# Lesson: Fractional Exponents

## Comment on Fractional Exponents

### Please help me with this one.

Please help me with this one.

Is 3^(a²/b) < 1 ?
(1) a < 0
(2) b < 0

### TARGET QUESTION: Is 3^(a²/b)

TARGET QUESTION: Is 3^(a²/b) < 1 ?

This is a great candidate for REPHRASING the target question. Notice that, if order for 3^k < 1, it must be the case that k < 0.

So, in order for 3^(a²/b) < 1, it must be the case that a²/b < 0 (i.e,, a²/b must be negative). So, let's REPHRASE our target question as....

REPHRASED TARGET QUESTION: Is a²/b < 0?

STATEMENT 1: (1) a < 0
There are several values a and b that satisfy statement 1. Here are two:
CASE A: a = -1 and b = -1. In this case a²/b = (-1)²/(-1) = -1. Here, a²/b < 0
CASE B: a = -1 and b = 1. In this case a²/b = (-1)²/(1) = 1. Here, a²/b > 0
Since we cannot answer the REPHRASED TARGET QUESTION with certainty,
statement 1 is NOT sufficient.

STATEMENT 2: b < 0
There are several values a and b that satisfy statement 2. Here are two:
CASE A: a = 1 and b = -1. In this case a²/b = (1)²/(-1) = -1. Here, a²/b < 0
CASE B: a = 0 and b = -1. In this case a²/b = (0)²/(-1) = 0. Here, a²/b = 0 (in other words, a²/b is NOT less than 0)
Since we cannot answer the REPHRASED TARGET QUESTION with certainty,
statement 2 is NOT sufficient.

STATEMENTS 1 and 2 COMBINED
If a < 0, then a CANNOT equal 0, which means a² is POSITIVE
If b < 0, then b is NEGATIVE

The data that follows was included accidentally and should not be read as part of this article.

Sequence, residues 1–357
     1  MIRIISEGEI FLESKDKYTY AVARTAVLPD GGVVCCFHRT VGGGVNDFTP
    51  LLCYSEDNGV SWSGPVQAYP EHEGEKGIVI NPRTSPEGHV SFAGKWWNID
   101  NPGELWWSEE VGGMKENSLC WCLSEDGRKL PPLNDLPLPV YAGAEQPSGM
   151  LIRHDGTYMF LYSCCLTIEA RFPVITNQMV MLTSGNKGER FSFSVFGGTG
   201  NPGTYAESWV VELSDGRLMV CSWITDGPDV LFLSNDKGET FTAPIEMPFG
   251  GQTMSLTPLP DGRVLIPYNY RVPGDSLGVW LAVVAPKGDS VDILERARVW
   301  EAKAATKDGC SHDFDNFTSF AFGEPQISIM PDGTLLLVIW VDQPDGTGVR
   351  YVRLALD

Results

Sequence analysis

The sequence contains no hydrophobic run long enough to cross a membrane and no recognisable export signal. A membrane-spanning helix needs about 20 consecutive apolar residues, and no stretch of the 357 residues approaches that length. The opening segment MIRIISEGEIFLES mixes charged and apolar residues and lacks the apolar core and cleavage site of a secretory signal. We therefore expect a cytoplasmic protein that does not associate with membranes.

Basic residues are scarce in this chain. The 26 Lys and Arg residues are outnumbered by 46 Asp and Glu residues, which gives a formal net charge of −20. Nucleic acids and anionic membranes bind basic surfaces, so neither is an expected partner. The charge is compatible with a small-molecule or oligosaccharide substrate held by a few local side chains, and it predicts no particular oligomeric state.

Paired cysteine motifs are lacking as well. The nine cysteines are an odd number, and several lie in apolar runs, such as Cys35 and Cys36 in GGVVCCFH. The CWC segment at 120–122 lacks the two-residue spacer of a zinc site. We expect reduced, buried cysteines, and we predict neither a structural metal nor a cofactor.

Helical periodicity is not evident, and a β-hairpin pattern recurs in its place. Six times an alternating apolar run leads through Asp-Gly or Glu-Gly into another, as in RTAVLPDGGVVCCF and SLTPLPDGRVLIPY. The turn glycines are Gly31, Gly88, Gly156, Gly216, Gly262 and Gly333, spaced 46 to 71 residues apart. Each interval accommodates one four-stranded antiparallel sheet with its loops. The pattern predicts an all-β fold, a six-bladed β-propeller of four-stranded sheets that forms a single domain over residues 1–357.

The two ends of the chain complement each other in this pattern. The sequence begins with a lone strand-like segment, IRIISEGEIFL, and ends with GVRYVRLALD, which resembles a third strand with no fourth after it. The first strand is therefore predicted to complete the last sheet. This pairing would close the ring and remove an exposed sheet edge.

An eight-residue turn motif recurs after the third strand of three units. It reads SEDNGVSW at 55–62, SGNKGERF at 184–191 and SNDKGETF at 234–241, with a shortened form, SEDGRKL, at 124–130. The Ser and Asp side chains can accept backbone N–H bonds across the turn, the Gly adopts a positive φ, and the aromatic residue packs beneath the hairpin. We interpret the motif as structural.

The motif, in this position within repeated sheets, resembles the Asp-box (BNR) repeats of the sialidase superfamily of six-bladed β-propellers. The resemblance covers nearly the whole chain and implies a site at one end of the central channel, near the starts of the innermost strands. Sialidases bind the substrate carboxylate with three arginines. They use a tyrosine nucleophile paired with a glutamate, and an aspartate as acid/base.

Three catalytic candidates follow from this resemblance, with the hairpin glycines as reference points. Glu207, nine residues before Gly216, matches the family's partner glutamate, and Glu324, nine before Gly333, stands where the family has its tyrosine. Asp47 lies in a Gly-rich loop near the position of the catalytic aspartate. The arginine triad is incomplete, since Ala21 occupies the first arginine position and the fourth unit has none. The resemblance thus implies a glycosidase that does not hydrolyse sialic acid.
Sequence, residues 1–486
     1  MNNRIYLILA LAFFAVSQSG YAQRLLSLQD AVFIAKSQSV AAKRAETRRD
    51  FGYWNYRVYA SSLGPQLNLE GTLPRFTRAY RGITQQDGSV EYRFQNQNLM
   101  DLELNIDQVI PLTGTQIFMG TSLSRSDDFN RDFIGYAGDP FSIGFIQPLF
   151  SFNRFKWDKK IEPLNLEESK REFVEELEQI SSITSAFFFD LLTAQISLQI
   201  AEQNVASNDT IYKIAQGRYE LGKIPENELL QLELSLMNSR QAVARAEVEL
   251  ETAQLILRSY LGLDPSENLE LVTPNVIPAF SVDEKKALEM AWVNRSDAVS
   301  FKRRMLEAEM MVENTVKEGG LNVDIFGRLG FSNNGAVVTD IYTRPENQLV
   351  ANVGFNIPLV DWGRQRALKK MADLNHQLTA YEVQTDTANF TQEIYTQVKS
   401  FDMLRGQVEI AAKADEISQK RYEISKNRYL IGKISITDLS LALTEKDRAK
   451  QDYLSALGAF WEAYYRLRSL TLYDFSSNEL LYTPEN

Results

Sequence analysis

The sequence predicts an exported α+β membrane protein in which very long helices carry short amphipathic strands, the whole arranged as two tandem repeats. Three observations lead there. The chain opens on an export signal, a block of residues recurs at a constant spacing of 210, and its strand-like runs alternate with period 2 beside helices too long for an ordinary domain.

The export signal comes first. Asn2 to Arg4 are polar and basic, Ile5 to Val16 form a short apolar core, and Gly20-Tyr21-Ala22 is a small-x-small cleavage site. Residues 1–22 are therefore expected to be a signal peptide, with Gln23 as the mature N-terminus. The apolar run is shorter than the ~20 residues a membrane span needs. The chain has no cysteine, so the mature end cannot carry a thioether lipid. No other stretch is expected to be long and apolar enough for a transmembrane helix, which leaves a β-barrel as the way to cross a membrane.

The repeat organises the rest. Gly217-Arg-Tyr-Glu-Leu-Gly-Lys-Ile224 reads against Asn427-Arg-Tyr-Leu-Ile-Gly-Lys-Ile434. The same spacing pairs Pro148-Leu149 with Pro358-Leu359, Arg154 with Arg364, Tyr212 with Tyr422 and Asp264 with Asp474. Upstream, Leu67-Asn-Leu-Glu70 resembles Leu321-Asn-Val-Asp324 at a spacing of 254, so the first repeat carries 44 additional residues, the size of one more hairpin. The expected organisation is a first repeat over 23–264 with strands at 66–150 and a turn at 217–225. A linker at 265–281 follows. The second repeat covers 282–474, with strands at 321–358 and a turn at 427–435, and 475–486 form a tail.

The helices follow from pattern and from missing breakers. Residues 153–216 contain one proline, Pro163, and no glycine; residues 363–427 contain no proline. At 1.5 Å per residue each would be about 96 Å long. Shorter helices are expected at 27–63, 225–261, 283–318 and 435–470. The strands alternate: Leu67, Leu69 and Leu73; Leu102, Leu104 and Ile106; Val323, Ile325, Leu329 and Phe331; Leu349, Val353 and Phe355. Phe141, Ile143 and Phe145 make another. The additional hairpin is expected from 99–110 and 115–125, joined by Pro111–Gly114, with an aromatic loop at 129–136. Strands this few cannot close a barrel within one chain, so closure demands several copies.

So, a²/b = POSITIVE/NEGATIVE = NEGATIVE
In other words, a²/b < 0
Since we can answer the REPHRASED TARGET QUESTION with certainty, the combined statements are sufficient.
Answer: C

### I memorized all the square

I memorized all the square roots as you discussed in a previous video. However, I am having a hard time trying to quickly calculate the cube root (or 4th etc.)

Is there an easy way to quickly know this? Or another list that should be memorized for the GMAT?

### For cube roots, you must

For cube roots, you must recall the powers with exponent 3 (2³ = 8, 3³ = 27, 4³ = 64, 5³ = 125, etc)
So, for example, ∛64 = 4

For fourth roots, you must recall the powers with exponent 4

Cheers,
Brent

### Thanks for the comment! I am

Thanks for the comment! I am sure with more practice questions, it will start becoming quicker for me to recall.

### Hi Brent! Glad to post again

Hi Brent! Glad to post again !

Regarding the following question

https://gmatclub.com/forum/if-m-4-1-2-4-1-3-4-1-4-then-the-value-of-m-is-93340.html

I understood the value of M like: 4^1/2 + 4^1/3 + 4^1/4. Looking for a common denominator I ended up with 4^13/12, which is a little bit more than 1 so, the value of M would be something more that 4. Hence, answer E. Is that approach correct?

warm regards,
Alejandro

### Question link: https:/

Even though you arrived at the correct answer, it was purely by coincidence.
The problem is that we can't add exponents the way you have. We can only add exponents when we're multiplying powers.
For example, (7^5)(7^10) = 7^15

When it comes to adding, however, there are no convenient simplifications.
For examples we can't say that 7^1 + 7^2 = 7^3

Cheers,
Brent

### Thanks for your words

Thanks for your words

### The beeth root... Love it!

The beeth root... Love it!

### Hi Brent, for this question

Hi Brent, for this question https://gmatclub.com/forum/is-x-y-1-1-x-1-2-y-234358.html

In St.2, x could be negative. e.g -1 ^-1 will get negative. So x^y is not greater > 1.

If x is positive and y is negative. so we'll get negative too. So x^y is not greater > 1.

Therefore shouldn't B sufficient here? Not sure what have I missed? Thanks Brent

### Question link: https:/

This part is not true: "If x is positive and y is negative. so we'll get negative too. "

If x is positive and y is negative, x^y is positive.
For example 3^(-2) = 1/9

In fact, if x is positive, x^y will be positive for all values of y (positive or negative).